Addressing Medicaid

Tuesday, August 8, 2006

By Matt Blunt

This year's state budget includes more tax dollars for Medicaid than any other in our state's history. We are working to build an improved system that provides higher-quality care and is a sustainable use of your hard-earned tax dollars.

Before we enacted necessary changes, program misuse and abuse was allowed to strip resources from services intended for our most vulnerable citizens.

One example was the Medical Assistance for Workers with Disabilities program. It was initially projected to cost $6.3 million a year to provide participants access to reduced-cost medical assistance while they were working. Instead, fraud and abuse drove program costs to $251 million dollars a year, 42 times what was originally planned.

Now we have an opportunity to create a new transitional benefit with similar goals as MAWD that eliminates barriers for those who hold jobs and rewards those who made a legitimate effort to work without opening a floodgate of abuse.

I have called on the General Assembly to pass strong legislation targeted specifically at Medicaid fraud to build on the $139.7 million in savings we have already uncovered and corrected by aggressively working to target fraud, waste and abuse in the broken system. The legislation's opponents claim the bill, which I support, is too harsh. How can you be too harsh on those who knowingly commit fraud, steal from taxpayers and rob our most vulnerable from assistance they truly need?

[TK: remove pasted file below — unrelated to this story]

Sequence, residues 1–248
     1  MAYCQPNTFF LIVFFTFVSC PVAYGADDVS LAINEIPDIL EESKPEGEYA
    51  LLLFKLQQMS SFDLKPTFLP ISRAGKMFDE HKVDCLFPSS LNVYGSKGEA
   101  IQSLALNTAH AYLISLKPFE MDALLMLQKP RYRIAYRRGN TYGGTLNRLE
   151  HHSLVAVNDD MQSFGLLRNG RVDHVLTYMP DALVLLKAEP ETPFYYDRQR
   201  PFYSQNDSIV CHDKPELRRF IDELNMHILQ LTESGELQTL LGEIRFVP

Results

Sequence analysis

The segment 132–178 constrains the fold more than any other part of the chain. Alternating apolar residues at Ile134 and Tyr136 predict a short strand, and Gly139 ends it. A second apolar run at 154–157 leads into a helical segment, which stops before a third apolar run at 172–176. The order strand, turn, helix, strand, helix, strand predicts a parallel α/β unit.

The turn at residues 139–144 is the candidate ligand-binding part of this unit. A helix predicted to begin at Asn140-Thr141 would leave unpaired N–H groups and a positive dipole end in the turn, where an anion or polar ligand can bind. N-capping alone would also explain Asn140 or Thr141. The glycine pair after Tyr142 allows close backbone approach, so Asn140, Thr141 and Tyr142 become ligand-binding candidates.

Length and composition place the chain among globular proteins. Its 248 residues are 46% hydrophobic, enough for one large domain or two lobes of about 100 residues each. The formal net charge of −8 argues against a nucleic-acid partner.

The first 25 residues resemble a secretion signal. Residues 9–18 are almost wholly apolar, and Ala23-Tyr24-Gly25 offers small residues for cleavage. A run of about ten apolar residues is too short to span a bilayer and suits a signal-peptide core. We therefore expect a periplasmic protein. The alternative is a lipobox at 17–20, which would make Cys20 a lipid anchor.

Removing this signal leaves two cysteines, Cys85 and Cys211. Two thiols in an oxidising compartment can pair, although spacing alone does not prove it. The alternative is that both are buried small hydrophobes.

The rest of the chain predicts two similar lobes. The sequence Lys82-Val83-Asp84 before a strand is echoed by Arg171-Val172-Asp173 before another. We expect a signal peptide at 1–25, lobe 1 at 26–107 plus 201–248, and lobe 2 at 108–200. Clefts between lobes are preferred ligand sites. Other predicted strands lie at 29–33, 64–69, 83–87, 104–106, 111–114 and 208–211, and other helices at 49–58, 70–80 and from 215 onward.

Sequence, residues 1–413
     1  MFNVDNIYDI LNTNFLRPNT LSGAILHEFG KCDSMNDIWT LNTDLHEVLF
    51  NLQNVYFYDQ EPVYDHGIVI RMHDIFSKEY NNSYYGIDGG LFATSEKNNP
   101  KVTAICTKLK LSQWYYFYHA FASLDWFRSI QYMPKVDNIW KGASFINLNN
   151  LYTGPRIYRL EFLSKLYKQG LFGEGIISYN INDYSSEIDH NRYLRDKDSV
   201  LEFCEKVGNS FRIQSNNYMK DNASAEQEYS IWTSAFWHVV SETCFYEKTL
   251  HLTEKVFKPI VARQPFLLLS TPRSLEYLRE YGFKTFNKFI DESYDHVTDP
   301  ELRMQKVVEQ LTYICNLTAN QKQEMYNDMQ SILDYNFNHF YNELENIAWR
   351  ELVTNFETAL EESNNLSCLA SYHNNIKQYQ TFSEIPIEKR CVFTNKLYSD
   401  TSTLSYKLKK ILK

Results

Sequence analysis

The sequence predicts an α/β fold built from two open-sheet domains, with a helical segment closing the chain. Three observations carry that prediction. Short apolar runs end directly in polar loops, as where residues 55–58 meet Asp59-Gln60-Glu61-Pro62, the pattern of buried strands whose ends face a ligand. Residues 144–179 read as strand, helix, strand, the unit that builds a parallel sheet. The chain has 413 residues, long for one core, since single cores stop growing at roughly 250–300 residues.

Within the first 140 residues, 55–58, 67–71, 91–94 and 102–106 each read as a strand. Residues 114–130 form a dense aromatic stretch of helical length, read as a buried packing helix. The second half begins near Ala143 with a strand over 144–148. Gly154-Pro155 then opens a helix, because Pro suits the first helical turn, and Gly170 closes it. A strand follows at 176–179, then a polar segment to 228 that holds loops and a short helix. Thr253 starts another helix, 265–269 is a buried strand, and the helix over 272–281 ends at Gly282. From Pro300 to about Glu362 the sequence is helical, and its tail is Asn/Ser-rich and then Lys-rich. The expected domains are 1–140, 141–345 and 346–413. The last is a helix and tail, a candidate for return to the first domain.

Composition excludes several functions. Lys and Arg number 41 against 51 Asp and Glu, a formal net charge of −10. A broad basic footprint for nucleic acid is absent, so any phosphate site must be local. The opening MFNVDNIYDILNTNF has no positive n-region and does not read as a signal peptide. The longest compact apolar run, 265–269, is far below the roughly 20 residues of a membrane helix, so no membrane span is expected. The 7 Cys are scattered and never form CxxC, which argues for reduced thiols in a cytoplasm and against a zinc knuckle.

One phony argument made by opponents is that the bill will go after well-intentioned doctors who make a mistake. This is not true. The legislation is clear that we are going after those who knowingly commit fraud, not those who make innocent mistakes on paperwork. Medicaid fraud is stealing.

It is important to consider strong fraud legislation side by side with any new program to ensure mistakes of the past are not repeated.

State law authorizes me to call the legislature back to the Capitol for a special session to consider important state issues. A special session costs taxpayers money, but I would be willing to call a special session to enact a new transitional work program and tough Medicaid fraud provisions into law.

We have implemented important changes to the state's neglected social welfare system that have kept the safety net in place for those truly in need of assistance. Now, we must build a system that respects your hard-earned tax dollars and is sustainable for the long-term.

Matt Blunt is the governor of Missouri.

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